Physicists from the University of Basel have demonstrated experimentally for the first time that there is a negative correlation between the two spins of an entangled pair of electrons in a superconductor. For their study, the researchers used spin filters made of nanomagnets and quantum dots, as they report in the scientific journal Nature.
The entanglement between two particles is one of the phenomena of quantum physics that is difficult to reconcile with everyday experiences. If they are entangled, some properties of the two particles are closely related, even when they are far apart. Albert Einstein described entanglement as “frightening action at a distance”. Research on the entanglement between light particles (photons) received this year’s Nobel Prize in Physics.
Two electrons can also be entangled, for example in their spins. In a superconductor, the electrons form so-called Cooper pairs responsible for lossless electric currents and in which the individual spins are entangled.
For several years, researchers from the Swiss Nanoscience Institute and the Department of Physics at the University of Basel have been able to extract pairs of electrons from a superconductor and spatially separate the two electrons. This is achieved by means of two quantum dots – nanoelectronic structures connected in parallel, each of which only passes single electrons.
Opposite electron spins of Cooper pairs
The team of Prof. Dr. Christian Schönenberger and Dr. Andreas Baumgartner, in collaboration with researchers led by Prof. Dr. Lucia Sorba of the Istituto Nanoscienze-CNR and the Scuola Normale Superiore in Pisa, has now been able to demonstrate experimentally what has long been theoretical: the electrons of a superconductor always emerge in pairs with opposite spins.
Thanks to an innovative experimental setup, physicists were able to measure that the spin of one electron points up when the other points down, and vice versa. “We have thus experimentally proven a negative correlation between the spins of paired electrons”, explains project leader Andreas Baumgartner.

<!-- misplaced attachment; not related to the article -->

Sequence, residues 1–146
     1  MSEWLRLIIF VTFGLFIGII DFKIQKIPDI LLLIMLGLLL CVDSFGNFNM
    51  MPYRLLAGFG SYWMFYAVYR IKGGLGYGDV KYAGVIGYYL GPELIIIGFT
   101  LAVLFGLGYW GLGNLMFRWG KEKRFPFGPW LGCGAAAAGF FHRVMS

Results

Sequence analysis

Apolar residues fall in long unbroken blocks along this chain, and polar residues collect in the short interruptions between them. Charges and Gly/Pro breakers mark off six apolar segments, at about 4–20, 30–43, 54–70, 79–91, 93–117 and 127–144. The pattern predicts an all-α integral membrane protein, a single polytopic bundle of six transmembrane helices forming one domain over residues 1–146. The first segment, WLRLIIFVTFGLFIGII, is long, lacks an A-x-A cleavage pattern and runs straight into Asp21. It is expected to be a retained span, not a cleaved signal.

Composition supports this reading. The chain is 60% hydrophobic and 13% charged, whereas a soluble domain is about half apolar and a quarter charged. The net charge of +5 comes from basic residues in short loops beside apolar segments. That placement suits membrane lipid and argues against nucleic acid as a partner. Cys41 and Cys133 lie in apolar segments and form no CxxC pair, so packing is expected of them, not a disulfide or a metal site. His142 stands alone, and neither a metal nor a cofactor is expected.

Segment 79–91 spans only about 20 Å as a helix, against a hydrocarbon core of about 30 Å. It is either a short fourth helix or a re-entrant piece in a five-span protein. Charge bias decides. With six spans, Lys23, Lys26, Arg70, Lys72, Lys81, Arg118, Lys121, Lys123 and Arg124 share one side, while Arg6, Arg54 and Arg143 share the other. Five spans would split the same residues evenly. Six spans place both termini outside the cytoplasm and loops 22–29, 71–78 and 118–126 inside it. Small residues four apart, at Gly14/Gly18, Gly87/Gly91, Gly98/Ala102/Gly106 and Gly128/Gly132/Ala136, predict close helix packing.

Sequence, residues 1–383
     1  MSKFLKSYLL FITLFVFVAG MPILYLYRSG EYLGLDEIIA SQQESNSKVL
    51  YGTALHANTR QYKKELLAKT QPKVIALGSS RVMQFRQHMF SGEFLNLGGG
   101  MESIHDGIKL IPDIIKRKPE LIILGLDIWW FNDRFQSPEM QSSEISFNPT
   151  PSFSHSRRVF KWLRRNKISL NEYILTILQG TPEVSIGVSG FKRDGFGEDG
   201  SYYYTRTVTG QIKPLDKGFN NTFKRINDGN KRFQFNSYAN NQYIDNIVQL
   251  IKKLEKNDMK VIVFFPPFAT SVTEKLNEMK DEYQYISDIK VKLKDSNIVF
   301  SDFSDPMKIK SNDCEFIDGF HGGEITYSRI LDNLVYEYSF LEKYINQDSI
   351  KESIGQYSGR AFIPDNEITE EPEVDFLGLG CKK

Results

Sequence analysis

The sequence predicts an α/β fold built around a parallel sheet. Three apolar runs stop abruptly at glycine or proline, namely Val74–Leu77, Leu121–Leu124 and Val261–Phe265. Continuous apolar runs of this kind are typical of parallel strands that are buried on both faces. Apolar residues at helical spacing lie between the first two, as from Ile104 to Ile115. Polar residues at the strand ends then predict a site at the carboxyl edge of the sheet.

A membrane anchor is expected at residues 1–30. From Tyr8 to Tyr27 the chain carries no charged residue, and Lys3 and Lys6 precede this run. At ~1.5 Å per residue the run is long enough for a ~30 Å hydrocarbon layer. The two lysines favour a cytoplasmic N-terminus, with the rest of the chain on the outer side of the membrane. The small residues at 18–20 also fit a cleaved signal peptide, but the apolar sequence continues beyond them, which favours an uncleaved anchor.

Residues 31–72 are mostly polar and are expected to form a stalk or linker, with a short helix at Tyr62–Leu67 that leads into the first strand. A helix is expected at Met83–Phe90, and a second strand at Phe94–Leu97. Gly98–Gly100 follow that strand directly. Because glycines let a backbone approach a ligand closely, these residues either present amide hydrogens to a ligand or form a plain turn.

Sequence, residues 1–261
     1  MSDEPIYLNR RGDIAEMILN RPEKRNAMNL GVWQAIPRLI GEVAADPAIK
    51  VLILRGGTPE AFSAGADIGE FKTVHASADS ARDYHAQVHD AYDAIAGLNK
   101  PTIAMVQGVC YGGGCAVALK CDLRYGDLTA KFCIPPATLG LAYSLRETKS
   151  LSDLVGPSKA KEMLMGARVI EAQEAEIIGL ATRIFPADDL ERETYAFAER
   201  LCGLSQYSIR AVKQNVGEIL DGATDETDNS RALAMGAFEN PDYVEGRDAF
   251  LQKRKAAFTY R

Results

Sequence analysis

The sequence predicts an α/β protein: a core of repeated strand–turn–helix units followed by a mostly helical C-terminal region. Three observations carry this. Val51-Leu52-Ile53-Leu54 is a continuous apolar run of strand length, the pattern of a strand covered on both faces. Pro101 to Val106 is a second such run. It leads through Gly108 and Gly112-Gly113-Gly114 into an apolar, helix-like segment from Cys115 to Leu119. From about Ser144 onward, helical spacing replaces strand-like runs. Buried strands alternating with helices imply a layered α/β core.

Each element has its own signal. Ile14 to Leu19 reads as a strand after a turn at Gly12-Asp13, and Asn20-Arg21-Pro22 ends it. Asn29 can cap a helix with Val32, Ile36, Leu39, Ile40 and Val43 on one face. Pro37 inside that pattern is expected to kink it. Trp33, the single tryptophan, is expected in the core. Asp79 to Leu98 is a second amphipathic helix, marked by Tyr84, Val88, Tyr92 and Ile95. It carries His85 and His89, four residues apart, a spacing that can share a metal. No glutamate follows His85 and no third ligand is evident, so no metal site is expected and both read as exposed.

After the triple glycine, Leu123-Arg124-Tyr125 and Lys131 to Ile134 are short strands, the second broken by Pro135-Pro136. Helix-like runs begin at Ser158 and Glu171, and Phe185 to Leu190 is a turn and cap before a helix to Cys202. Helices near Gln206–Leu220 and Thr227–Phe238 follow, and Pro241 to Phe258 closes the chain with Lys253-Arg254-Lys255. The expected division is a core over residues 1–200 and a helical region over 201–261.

The researchers achieved this by using a spin filter they developed in their lab. Using tiny magnets, they generated individually adjustable magnetic fields in each of the two quantum dots that separate the electrons from the Cooper pair. Since spin also determines the magnetic moment of an electron, only one particular type of spin is allowed at a time.
“We can tune the two quantum dots so that mostly electrons with a certain spin pass through them,” says first author Dr Arunav Bordoloi. “For example, an electron with spin up passes through one quantum dot and an electron with spin down passes through the other quantum dot, or vice versa. If the two quantum dots are tuned to transmit only the same spins, the electric currents in both quantum dots the dots are reduced, even though an individual electron may very well pass through a single quantum dot.”
“With this method, we were able to detect such negative correlations between the electron spins of a superconductor for the first time”, concludes Andreas Baumgartner. “Our experiments are a first step, but not yet a definitive proof of entangled electron spins, as we cannot arbitrarily define the orientation of the spin filters, but we are working on it.”
The research, recently published in Nature, is seen as an important step towards further experimental research into quantum mechanical phenomena, such as particle entanglement in solids, which is also a key component of quantum computers.
Arunav Bordoloi, Spin cross-correlation experiments in electron entanglement, Nature (2022). DOI: 10.1038/s41586-022-05436-z. www.nature.com/articles/s41586-022-05436-z
Provided by the University of Basel
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